no, they apply to all medallists

    and 2012 is the only time in recent years where the first three people across the line were the national medallists, so it is not an unusual situation for the national champion to not be the race winner


  • Registered Users Posts: 7,693 ✭✭✭Chivito550


    RayCun wrote: »
    I don't think that is really inconsistent.
    If you want to be eligible under the 6 month residency rule, then you have to meet the criterion of being continuously resident for 6 months. That's what being eligible under that rule means!
    If you are meeting the eligibility requirements some other way, then you have to meet the eligibility requirements in a different way.

    It's like saying there the process of getting a place for London marathon is inconsistent, because you can get a championship entry OR a GFA OR a lottery place OR a charity place, and they don't all have the same requirements.

    What about an Australian who is on a sponsored work visa to live in Ireland for example? Say he/she has lived here for a year and a half or so, heavily involved in Irish athletics (like I was with Australian athletics when I lived over there). Should this person be ineligible for a championship because he/she went home for Christmas or a sibling's wedding? Or because he/she has a life and fancied a weekend in London to watch Roger Federer on Centre Court?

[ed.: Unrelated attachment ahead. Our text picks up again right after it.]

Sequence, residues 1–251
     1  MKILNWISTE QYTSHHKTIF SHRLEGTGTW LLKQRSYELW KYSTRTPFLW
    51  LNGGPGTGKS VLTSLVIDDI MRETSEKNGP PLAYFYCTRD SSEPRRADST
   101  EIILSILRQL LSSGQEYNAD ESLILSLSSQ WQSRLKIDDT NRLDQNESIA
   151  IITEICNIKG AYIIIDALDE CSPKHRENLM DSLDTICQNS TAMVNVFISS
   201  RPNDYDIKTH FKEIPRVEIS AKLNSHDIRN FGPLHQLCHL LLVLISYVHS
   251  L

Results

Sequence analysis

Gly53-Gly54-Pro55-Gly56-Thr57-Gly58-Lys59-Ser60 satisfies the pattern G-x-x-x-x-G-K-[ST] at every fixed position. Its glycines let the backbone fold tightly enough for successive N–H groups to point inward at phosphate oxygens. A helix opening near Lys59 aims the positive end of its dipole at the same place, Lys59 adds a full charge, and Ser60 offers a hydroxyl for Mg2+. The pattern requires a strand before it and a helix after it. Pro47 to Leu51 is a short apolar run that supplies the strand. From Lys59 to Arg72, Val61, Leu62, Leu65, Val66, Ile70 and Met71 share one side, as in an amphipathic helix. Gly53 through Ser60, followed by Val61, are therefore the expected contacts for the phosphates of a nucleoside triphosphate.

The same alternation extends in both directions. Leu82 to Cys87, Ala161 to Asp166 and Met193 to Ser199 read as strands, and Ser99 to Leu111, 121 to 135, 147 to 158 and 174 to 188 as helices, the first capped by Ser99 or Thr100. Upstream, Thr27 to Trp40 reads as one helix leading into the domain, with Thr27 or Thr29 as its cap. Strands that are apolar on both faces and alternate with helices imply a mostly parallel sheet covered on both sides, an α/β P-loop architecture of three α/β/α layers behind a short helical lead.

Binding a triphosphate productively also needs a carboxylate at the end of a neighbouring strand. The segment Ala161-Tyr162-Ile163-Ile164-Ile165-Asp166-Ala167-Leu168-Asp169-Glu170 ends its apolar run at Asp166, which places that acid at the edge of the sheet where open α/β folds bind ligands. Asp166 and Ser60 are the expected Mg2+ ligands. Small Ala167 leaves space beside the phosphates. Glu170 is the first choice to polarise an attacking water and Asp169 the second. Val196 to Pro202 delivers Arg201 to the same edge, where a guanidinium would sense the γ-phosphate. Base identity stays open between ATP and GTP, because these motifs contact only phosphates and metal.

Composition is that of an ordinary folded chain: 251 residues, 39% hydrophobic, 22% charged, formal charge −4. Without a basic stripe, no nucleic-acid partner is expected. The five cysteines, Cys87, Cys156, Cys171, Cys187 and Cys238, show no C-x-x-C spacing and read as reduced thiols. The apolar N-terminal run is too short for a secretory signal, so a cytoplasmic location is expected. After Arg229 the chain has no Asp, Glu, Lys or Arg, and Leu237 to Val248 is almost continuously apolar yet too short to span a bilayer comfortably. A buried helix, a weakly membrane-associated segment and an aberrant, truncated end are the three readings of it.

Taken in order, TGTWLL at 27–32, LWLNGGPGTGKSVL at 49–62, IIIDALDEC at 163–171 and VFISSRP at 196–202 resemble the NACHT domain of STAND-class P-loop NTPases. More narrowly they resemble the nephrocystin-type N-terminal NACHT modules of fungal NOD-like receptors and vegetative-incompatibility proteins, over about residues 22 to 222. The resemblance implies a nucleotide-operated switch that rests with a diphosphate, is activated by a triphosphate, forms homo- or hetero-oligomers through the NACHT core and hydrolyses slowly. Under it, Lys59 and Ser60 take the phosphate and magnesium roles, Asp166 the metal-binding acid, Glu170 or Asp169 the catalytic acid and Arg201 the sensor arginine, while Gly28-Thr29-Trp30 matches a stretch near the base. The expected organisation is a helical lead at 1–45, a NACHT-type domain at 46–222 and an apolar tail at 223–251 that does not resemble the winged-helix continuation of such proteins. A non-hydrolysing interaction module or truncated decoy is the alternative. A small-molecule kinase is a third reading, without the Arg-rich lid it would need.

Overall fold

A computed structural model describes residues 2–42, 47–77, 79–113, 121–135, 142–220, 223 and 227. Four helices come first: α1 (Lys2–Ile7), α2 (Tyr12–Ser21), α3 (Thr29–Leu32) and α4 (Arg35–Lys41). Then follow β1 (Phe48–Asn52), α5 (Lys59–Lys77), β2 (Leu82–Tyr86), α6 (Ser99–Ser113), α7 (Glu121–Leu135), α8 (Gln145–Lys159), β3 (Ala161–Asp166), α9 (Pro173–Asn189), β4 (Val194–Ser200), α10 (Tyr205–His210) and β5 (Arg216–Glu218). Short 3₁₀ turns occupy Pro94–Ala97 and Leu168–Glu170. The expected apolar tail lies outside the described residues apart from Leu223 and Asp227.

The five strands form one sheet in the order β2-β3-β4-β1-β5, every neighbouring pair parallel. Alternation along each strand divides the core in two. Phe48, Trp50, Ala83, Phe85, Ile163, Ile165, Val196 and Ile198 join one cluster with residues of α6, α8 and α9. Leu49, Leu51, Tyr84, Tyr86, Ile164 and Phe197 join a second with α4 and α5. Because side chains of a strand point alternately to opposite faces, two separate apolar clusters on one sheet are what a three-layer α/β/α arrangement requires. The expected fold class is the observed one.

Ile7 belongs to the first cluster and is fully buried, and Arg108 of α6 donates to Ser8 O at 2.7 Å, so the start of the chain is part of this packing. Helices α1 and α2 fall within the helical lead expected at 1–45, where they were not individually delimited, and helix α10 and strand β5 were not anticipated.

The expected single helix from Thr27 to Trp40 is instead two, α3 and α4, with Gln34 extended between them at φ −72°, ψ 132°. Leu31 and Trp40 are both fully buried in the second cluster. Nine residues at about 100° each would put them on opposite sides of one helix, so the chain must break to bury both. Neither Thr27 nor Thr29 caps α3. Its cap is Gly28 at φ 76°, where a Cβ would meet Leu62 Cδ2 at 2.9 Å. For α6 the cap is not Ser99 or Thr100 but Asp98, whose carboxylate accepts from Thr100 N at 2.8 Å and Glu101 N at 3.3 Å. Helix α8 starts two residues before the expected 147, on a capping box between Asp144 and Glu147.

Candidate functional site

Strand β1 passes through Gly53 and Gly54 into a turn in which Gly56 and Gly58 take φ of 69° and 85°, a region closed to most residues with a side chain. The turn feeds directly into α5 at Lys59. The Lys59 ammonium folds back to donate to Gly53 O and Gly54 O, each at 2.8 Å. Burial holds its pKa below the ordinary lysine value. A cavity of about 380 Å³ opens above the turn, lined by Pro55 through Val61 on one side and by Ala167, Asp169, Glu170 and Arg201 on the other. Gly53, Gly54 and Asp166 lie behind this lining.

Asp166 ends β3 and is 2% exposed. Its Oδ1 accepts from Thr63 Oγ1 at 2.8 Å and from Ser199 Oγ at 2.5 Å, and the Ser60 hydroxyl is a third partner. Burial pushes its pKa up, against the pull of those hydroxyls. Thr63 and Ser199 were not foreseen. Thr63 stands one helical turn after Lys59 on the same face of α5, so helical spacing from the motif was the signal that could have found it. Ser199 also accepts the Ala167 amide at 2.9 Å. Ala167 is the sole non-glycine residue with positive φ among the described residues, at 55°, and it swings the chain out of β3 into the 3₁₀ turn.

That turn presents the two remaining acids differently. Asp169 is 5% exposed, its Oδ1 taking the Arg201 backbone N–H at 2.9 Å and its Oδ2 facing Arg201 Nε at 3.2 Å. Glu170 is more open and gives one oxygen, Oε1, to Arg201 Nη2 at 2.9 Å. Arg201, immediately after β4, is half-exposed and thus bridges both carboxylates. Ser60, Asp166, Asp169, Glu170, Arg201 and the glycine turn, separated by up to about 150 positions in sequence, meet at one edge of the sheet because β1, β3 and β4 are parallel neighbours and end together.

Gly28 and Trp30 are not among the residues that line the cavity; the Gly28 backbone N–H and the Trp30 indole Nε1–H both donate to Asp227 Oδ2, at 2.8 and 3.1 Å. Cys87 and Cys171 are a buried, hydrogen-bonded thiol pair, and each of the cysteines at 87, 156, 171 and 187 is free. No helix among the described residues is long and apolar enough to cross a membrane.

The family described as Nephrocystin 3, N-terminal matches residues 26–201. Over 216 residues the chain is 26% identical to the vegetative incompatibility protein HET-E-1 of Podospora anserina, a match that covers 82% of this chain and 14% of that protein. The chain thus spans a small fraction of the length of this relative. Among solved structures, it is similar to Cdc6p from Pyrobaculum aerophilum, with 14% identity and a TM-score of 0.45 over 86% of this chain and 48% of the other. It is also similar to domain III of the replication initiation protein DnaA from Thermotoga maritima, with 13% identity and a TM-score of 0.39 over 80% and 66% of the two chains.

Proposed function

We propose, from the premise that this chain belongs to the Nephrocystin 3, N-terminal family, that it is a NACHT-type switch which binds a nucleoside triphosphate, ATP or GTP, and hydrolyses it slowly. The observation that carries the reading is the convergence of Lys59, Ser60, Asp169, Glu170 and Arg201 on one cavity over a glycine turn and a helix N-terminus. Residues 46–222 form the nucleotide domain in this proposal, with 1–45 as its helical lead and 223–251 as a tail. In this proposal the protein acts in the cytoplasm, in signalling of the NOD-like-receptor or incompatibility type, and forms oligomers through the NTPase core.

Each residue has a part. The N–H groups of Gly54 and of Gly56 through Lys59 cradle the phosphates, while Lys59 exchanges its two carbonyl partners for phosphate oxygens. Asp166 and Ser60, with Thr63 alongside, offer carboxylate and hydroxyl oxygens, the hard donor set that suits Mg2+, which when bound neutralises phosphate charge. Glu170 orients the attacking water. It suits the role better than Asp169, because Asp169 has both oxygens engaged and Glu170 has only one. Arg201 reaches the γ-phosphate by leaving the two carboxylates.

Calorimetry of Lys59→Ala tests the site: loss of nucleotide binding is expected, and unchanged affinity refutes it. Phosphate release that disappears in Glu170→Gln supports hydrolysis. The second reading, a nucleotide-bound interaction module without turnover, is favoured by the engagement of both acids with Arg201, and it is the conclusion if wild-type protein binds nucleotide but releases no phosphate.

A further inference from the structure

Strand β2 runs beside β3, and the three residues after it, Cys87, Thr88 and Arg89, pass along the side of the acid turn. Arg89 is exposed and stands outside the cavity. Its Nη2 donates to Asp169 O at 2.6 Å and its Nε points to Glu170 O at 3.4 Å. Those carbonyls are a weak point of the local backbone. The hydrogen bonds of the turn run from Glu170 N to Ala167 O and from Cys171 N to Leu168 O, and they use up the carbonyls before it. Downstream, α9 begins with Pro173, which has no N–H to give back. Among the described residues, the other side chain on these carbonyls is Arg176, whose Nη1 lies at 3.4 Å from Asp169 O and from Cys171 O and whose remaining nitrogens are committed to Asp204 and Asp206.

• Registered Users Posts: 15,704 ✭✭✭✭RayCun


    Chivito550 wrote: »
    What about an Australian who is on a sponsored work visa to live in Ireland for example? Say he/she has lived here for a year and a half or so, heavily involved in Irish athletics (like I was with Australian athletics when I lived over there). Should this person be ineligible for a championship because he/she went home for Christmas or a sibling's wedding? Or because he/she has a life and fancied a weekend in London to watch Roger Federer on Centre Court?